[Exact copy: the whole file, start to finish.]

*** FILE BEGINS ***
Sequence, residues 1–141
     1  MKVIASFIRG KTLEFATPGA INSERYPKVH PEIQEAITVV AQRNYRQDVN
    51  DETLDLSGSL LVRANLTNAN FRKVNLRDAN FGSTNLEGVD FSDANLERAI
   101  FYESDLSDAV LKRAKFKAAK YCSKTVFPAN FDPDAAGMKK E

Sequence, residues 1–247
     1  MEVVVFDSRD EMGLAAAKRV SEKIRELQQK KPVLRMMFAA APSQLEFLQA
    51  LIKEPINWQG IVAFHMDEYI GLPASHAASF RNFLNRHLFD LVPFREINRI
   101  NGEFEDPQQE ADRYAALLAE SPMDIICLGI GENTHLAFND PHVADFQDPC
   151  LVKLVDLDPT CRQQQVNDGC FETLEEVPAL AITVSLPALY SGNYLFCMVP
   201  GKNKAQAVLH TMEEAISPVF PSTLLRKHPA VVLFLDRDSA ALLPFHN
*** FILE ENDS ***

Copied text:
Sequence, residues 1–141
     1  MKVIASFIRG KTLEFATPGA INSERYPKVH PEIQEAITVV AQRNYRQDVN
    51  DETLDLSGSL LVRANLTNAN FRKVNLRDAN FGSTNLEGVD FSDANLERAI
   101  FYESDLSDAV LKRAKFKAAK YCSKTVFPAN FDPDAAGMKK E

Sequence, residues 1–247
     1  MEVVVFDSRD EMGLAAAKRV SEKIRELQQK KPVLRMMFAA APSQLEFLQA
    51  LIKEPINWQG IVAFHMDEYI GLPASHAASF RNFLNRHLFD LVPFREINRI
   101  NGEFEDPQQE ADRYAALLAE SPMDIICLGI GENTHLAFND PHVADFQDPC
   151  LVKLVDLDPT CRQQQVNDGC FETLEEVPAL AITVSLPALY SGNYLFCMVP
   201  GKNKAQAVLH TMEEAISPVF PSTLLRKHPA VVLFLDRDSA ALLPFHN